Apps on SIM cards
Maybe you could do your research.... See that SIM in your phone? Well it's Javacard. How many apps does it have on it? 1, 2... 30, 50 ?
and as to the bollox comments comparing it to midp, it's more like an event-driven state machine. Some SIMs _may_ support PKCS#11, but that's something else.
"device with limited resources"
... hardly applies to Android-based phones. What these have, 500MHz CPU, 128MB RAM, 4GB+ storage, 10Mbps+ (wireless / 3G) networking would have made them decent workstation-class machines at the time the JavaCard was made. And all of those are a low-end Android specs.
I've often been wondering where and what exactly it is that makes law graduates eventually loose their common sense. If only I could patent that as a business process, just imagine, sue the whole guild for royalties ...
"Give it another few years and Android will be replaced by a mobile Linux version"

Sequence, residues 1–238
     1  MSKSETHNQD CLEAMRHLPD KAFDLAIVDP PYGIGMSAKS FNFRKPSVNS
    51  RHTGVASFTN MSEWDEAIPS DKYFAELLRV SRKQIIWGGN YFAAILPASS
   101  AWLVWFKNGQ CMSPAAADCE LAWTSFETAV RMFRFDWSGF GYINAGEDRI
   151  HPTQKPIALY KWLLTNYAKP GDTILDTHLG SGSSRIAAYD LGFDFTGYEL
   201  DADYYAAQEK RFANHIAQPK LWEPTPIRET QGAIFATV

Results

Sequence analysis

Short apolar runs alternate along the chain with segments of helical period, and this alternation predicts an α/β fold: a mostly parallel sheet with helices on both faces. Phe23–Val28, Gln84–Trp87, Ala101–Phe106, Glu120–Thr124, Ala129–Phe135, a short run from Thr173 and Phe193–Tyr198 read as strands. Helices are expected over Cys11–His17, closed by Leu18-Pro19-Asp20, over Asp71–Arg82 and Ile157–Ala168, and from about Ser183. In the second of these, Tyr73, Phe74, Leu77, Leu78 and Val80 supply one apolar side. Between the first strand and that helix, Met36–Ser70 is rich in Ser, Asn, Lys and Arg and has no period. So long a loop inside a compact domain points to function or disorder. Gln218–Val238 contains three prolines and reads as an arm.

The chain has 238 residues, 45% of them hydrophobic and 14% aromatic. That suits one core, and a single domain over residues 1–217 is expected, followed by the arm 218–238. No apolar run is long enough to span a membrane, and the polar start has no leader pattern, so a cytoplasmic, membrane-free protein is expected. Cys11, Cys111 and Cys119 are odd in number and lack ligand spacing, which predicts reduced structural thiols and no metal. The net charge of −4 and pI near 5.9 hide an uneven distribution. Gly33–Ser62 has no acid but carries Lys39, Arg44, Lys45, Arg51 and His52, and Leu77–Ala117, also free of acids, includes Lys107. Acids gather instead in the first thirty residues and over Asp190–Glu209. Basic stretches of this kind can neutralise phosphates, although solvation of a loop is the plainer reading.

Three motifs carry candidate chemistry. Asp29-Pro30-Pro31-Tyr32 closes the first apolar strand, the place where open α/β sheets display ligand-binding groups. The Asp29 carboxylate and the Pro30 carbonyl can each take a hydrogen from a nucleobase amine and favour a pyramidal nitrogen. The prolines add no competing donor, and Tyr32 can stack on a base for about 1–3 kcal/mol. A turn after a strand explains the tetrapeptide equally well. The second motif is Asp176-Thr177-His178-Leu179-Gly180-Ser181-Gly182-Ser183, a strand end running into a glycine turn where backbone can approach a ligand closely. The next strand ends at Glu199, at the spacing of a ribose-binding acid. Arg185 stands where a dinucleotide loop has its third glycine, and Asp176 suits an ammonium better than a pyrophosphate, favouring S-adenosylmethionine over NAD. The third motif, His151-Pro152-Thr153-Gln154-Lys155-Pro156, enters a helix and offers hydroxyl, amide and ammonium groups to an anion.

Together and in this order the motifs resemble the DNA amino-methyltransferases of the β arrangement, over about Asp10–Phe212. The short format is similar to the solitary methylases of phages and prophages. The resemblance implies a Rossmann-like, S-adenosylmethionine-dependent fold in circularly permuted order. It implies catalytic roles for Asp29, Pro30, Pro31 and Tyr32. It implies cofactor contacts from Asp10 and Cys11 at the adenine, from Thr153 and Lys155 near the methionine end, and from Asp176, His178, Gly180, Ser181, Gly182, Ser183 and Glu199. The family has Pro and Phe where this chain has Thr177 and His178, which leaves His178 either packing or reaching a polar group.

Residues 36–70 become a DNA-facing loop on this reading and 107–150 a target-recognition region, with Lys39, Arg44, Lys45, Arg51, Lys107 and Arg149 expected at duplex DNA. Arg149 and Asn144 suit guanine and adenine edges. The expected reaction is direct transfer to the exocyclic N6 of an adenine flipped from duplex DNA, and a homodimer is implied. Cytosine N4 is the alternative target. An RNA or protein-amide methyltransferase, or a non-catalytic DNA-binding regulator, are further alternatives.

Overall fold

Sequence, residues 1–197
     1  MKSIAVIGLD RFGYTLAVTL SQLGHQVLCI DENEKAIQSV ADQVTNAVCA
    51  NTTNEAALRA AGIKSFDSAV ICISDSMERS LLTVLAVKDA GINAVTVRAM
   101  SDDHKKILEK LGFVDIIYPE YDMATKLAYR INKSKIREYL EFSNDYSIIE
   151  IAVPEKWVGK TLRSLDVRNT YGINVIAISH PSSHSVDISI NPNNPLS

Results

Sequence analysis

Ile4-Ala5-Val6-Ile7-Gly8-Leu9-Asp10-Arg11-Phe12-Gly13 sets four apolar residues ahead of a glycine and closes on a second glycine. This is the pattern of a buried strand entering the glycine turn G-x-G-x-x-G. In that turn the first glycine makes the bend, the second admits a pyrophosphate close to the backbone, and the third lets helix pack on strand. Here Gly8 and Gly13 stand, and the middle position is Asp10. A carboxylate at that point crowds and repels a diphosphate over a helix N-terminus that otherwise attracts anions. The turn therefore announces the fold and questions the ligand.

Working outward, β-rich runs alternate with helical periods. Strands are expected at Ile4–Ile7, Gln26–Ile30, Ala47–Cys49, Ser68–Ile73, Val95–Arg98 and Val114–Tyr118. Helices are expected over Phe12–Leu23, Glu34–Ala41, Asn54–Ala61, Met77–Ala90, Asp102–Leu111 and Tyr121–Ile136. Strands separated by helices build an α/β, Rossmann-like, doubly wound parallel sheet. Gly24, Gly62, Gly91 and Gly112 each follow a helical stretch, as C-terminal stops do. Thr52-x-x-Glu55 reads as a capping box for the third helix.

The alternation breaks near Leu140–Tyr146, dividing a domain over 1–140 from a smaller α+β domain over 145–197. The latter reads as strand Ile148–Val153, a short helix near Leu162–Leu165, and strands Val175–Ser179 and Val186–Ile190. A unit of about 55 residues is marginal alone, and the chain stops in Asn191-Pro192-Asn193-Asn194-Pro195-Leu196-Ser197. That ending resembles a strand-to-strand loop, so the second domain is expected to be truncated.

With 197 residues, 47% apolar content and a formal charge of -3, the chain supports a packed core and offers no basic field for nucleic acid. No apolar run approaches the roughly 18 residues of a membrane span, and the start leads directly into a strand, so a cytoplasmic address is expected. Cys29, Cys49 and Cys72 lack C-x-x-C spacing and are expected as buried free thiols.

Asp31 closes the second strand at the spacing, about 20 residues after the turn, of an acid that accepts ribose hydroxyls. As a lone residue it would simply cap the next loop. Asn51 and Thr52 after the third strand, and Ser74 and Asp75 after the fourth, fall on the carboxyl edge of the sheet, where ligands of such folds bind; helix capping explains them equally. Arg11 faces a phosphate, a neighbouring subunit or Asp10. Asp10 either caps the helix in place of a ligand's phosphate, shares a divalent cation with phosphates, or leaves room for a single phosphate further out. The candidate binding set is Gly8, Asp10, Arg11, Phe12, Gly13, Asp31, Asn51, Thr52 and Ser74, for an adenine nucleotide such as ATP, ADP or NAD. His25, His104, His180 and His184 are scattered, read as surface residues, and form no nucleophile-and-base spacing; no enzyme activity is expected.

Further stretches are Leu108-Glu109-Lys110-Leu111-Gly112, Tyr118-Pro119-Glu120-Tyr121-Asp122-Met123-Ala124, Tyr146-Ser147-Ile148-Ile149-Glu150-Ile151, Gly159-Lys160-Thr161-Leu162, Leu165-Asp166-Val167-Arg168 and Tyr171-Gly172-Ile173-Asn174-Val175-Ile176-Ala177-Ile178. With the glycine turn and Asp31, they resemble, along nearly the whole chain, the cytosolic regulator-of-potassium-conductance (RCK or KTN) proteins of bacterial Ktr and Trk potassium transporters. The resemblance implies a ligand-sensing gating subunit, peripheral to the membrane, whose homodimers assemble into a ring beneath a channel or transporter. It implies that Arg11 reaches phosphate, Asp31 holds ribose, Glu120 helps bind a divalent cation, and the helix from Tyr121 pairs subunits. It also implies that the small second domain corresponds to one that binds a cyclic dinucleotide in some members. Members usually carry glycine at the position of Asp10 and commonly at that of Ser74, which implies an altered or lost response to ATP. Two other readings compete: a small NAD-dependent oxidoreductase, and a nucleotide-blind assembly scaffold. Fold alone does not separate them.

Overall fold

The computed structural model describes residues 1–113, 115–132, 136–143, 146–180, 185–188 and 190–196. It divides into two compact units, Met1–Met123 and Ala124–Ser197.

@Michelle Knight, yeah just like Linux has replaced all other desktop operating systems. As predicted every year, year after year. Only it hasn't.
I haven't got a problem with Linux it's just my time is too valuable these days to spend it at a command prompt trying to install anything ... a mobile version of Linux would just be irritating.
Command prompt to install you say...
...it's been a long time between drinks hasn't it Matt? Of course you can do it that way if you want but most users either run Synaptic or Software Management if using a Ubuntu version, online clicking of a link if using SuSE or Redhat's Package Manager if using a Redhat common version. These are the primaries that do it & do it well; updates, installs, uninstalls, fixes & includes all Libraries too.
Happens that software management within Linux seems a long way better than Microsoft's method...